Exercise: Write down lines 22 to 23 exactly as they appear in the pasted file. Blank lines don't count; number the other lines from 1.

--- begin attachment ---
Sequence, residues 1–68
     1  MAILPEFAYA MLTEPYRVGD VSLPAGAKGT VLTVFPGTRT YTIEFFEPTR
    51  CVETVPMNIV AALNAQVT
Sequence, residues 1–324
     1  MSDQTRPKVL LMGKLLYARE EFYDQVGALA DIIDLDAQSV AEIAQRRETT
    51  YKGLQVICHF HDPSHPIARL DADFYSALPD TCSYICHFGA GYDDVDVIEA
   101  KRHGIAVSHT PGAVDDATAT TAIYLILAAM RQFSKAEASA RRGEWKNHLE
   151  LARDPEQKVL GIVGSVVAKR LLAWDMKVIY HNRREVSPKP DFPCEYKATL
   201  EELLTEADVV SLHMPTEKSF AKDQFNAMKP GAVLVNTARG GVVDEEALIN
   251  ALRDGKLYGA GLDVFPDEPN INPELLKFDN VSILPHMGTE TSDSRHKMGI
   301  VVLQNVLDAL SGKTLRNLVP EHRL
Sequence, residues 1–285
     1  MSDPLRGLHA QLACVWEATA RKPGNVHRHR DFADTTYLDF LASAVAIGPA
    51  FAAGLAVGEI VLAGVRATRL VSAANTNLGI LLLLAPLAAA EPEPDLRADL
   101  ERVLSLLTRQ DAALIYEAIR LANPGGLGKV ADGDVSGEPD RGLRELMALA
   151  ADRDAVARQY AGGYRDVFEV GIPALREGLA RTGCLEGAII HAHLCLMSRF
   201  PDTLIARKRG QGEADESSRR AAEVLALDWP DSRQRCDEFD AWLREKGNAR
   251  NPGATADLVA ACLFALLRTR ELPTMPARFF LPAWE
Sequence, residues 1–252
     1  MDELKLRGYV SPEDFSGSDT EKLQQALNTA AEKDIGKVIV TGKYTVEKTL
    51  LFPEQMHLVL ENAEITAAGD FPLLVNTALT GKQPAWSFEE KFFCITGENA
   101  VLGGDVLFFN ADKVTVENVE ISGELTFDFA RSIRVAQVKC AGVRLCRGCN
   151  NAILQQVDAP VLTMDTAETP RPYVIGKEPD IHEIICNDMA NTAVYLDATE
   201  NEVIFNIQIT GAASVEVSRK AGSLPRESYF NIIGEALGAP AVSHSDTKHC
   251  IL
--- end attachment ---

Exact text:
   101  VLGGDVLFFN ADKVTVENVE ISGELTFDFA RSIRVAQVKC AGVRLCRGCN
   151  NAILQQVDAP VLTMDTAETP RPYVIGKEPD IHEIICNDMA NTAVYLDATE